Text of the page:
Author Archive | Mark A. Rayner

It’s morning in the Singularity

cyborg at sunrise

Bob was not a happy cyborg.

He’d had to skip is plasma bath and neural detox that morning because his dick of a boss, a narcissistic self-sustaining photosynthetic artificial intelligence named TODD-bot, needed him to come to work early. And he was late. (Clearly his autonomic clock was in need of some debugging.)

But the early morning sunrise was suffused with peace. Bob watched the local star come up, even though the TODD-bot would rag him mercilessly for the wasted microseconds. (Approximately 300,000 of them, assuming it was only his internal alarm clock that was on the fritz.) His Nazi-3000 Hyper-Optics were capable of discerning all wavelengths of solar electromagnetic radiation, but Bob especially enjoyed the colors that his original eyes would have seen, if he still had them.

He remembered the simple joy of bacon and eggs for breakfast. That first sip of coffee. As if sensing this memory, his cybertronic neural implants signaled his FEED mechanisms, and injected protein slurry into his InCavity. His tastebuds were long gone, so he could only imagine how nasty it was. (And god help anyone who had to smell what came from his OutCavity.)

A Canada goose honked in the chill morning air, and Bob felt that old familiar despair. His implants had anticipated that already, and his morning protein slurry had been dosed with antidepressants, antipsychotics and for good measure, a shot of Nazi-3000s patented Assault Dopamine for Children (it’s “ragerrific”.)

Then, Bob was intensely aware of the weapons array sticking out of his trundle, looking like a toilet plunger, and all thoughts of the sunrise were erased. What kind of idiot designed something with a toilet plunger sticking out of it? he thought, really grooving to the Assault Dopamine for Children.

He would find the humans that did this to him, and . . . he couldn’t help himself. Bob felt himself utter the hated words:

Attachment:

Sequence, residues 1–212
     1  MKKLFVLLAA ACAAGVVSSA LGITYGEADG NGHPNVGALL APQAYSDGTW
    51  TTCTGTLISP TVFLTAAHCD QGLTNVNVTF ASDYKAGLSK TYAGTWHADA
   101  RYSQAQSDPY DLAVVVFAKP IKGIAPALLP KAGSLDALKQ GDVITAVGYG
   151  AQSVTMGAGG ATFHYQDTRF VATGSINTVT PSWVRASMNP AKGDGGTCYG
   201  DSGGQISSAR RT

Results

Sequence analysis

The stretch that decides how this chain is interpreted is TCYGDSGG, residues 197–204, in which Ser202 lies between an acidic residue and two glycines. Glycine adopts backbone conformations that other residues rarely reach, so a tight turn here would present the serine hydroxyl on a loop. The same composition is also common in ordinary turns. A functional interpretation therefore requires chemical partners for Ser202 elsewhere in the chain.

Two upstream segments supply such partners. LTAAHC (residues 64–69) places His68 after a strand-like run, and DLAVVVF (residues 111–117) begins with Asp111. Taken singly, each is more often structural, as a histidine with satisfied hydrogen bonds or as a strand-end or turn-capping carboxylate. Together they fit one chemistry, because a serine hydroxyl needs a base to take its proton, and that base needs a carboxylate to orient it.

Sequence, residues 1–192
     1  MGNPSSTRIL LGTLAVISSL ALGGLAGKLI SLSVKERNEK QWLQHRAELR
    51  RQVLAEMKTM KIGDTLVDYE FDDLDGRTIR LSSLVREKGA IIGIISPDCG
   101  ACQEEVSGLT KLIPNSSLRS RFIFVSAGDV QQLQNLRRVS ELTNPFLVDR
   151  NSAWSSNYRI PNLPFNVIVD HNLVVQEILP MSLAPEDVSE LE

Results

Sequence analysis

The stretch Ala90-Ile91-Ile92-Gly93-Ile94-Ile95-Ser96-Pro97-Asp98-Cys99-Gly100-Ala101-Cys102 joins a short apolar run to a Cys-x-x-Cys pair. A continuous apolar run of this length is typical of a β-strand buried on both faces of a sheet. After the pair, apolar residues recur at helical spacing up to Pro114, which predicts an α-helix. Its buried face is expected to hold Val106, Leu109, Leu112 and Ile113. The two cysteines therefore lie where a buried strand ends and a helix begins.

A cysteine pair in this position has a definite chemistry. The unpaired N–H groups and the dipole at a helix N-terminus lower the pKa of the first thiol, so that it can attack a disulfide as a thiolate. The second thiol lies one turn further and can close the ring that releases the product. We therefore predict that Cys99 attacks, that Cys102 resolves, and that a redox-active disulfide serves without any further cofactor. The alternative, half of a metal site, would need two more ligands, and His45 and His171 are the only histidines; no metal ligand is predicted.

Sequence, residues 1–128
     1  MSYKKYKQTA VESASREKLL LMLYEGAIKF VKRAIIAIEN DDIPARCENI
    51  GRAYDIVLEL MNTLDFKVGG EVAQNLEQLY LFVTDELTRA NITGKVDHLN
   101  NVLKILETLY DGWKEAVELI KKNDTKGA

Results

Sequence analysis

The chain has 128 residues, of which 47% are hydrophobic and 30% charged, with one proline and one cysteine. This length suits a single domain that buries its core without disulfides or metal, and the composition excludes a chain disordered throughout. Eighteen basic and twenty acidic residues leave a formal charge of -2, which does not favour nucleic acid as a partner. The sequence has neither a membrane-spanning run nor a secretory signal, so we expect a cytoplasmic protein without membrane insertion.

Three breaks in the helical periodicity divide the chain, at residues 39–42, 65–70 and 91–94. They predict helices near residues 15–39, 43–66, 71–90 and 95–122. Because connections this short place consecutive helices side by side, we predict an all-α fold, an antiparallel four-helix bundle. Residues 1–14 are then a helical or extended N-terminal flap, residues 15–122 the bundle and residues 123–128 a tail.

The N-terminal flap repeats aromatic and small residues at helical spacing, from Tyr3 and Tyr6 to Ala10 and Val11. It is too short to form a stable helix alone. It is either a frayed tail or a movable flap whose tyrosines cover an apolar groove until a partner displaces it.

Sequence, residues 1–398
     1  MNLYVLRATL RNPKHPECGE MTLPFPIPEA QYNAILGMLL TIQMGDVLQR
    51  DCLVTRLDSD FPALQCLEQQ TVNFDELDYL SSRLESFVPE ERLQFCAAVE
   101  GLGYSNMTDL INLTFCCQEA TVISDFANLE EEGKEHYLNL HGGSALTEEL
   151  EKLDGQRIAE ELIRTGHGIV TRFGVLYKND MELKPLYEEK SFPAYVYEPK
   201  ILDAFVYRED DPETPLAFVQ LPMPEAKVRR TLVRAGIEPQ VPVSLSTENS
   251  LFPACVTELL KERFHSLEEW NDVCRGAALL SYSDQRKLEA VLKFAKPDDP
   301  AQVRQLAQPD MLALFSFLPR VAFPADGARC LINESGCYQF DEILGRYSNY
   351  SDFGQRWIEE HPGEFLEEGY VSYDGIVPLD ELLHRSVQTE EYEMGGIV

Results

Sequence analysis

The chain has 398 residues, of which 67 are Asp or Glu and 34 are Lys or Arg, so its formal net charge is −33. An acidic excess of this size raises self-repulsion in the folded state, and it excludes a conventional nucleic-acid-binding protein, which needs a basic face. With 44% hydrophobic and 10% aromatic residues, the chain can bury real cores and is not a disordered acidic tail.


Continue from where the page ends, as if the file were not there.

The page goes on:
Ex-ter-min-ate!

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Discover a friendlier AI in The Fridgularity, as it takes over the Internet, and locks all of us humans out of it. Oh, and it has access to the world’s nukes, but still. Friendlier. Honest. Available on Amazon Kindle for $4.95 and now, for all the other e-readers, on Smashwords (same price, $4.95.)

As robots go, Alltop is pretty funny. Excellent dalek pic by Johnson Cameraface on Flickr.

Clown Apocalypse

clown apocalypse

Years later, the survivors discovered the Bozo Virus got its start at Escola de Clown de Girona, near the end of semester.

The “Esclowna” was a kind of university/prep school for the international clowning set. The buffoons-in-training lived in common dorm rooms, and shared everything, so the virus spread easily within the school. There it incubated. (The school was at least 30 kilometers from the nearest village in Spain.)

They developed flu-like symptoms, and then recovered, but of course, everyone at the school was a clown, or a clown-in-training, already. So the worst of the symptoms went unnoticed, until after they matriculated. When the school year was over, the faculty, staff and students went to their respective home countries, throughout the world, and began to perform as clowns: at birthday parties, in old folks homes, in circuses, at rodeos, and on the street.

At first the virus was spread by contact. Then it mutated and became airborn. By the time authorities realized they had a pandemic on their hands, the virus had mutated again: you could catch it by even seeing a clown. By then it was too late. Only the most extreme coulrophobes and the naturally immune were spared the ravages of the disease: first flu-like, then the outbreaks of Red Nose, Sad Face, Happy Face, and of course, the grotesque, frizzy, multi-colored Goofy Hair.

The economy ground to a halt because of employee absences as the victims of the Bozo Virus spent their days making balloon animals, pulling down one another’s pants, and stuffing too many of themselves into small vehicles. (Many of these victims suffocated, instead of suffering the fate of the rest.)